C’EST BON
Accolades for Louisiana’s business growth and development from obscure biz publications keep rolling in. The latest kudo comes from Business Facilities, which named Louisiana 2010’s “State of the Year,” beating out South Carolina, Tennessee, Texas and Utah. The mag cites the Pelican State’s business reforms, incentive programs, growth strategy and workforce training program. The award caps a solid year for the state in the pages of recondite trade publications — a year that included recognition by Pollina Corporate Real Estate (“Most Improved State”), Site Selection (ninth best business climate in the U.S.) and Southern Business & Development (“Co-state of the Year”). And although Louisiana Economic Development Secretary Stephen Moret is cited by Business Facilities as the brains behind the win, Gov. Bobby Jindal is taking most of the credit.


PAS BON
The holidays are stressful enough. Being evacuated from your home or your home away from home (Mall of Acadiana) due to a “suspicious package” just compounds the anxiety. Holiday shoppers were rushed out of dressing rooms and away from their bland Sbarro pizza slices in the food court at the mall last week when a package containing an as-yet unspecified device was found outside the mall. Police say the device wasn’t an explosive, but they’re not saying much else. The incident came on the heels of an evacuation of more than 50 homes around the Islamic Center near the UL campus after a briefcase was found leaning against a fence. The FBI, already investigating an earlier car burning at the center as a possible hate crime, says the brief case contained a device that was “a threat that required special care and precautions,” according to The Daily Advertiser, although there’s no evidence linking it to the burned car. We miss the heady days of yore when the “Glue Bandit” injected Super Glue into the locks of south side retailers in the dark hours of Black Friday. That’s a holiday prank we can admire.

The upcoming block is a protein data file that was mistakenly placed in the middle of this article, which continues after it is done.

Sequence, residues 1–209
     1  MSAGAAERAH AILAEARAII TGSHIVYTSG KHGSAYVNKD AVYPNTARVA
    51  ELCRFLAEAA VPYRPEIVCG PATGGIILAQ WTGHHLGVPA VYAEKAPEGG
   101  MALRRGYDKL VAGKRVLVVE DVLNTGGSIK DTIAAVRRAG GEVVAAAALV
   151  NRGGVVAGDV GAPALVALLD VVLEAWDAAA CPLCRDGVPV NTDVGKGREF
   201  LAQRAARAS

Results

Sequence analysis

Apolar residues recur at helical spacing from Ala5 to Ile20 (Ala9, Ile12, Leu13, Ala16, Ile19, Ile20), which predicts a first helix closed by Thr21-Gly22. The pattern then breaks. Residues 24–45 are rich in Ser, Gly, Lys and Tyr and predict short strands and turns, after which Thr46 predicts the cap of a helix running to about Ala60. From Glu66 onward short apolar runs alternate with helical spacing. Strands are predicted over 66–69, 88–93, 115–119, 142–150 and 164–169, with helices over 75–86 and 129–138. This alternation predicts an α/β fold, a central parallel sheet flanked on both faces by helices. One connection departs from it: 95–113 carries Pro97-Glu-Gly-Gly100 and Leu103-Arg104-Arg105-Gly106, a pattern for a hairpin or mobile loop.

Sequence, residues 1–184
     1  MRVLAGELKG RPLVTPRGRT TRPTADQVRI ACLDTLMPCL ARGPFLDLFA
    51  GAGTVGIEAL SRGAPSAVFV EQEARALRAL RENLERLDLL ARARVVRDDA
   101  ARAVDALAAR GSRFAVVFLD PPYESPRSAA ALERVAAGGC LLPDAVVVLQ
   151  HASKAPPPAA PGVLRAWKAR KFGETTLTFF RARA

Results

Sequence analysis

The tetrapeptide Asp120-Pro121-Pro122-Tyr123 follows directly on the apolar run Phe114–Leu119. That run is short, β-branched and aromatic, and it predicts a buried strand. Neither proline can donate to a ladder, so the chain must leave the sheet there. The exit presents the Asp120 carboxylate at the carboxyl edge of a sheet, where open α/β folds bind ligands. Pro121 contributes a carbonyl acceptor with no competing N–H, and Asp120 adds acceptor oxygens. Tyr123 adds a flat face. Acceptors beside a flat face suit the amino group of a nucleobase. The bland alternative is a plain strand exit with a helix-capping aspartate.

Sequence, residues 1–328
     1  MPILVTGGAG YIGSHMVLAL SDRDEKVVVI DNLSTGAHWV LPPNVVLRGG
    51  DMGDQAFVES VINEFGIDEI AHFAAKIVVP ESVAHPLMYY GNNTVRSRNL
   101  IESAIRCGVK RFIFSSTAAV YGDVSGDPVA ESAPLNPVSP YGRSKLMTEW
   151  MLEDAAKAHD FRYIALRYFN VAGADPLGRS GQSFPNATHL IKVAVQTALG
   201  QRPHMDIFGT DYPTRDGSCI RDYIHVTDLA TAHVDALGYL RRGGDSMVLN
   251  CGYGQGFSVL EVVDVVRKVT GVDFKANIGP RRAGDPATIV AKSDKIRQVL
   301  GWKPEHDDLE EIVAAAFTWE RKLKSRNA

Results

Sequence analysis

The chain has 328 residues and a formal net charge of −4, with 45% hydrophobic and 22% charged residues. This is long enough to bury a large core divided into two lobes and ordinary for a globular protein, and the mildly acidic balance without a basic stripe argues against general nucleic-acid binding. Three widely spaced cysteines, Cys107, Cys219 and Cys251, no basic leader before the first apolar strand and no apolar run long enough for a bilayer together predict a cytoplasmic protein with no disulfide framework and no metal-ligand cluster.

COUILLON

And then there’s the incident last week at Lafayette Regional Airport. Imagine the Transportation Security Administration screener’s heart begin to pound as a bag moves through the x-ray machine revealing what appears to be a chicken and a miner’s head lamp. All the makings of a clever new al Qaida plot? No, it was a chicken and a miner’s head lamp. The terminal was evacuated for about an hour as law enforcement brought in bomb sniffing dogs to no doubt salivate over this threat to life and limb. Turns out, the benign cargo was more dangerous than first thought: it was a crawfish-stuffed chicken, or, as it’s known among cardiovascular physicians, a heart bomb.

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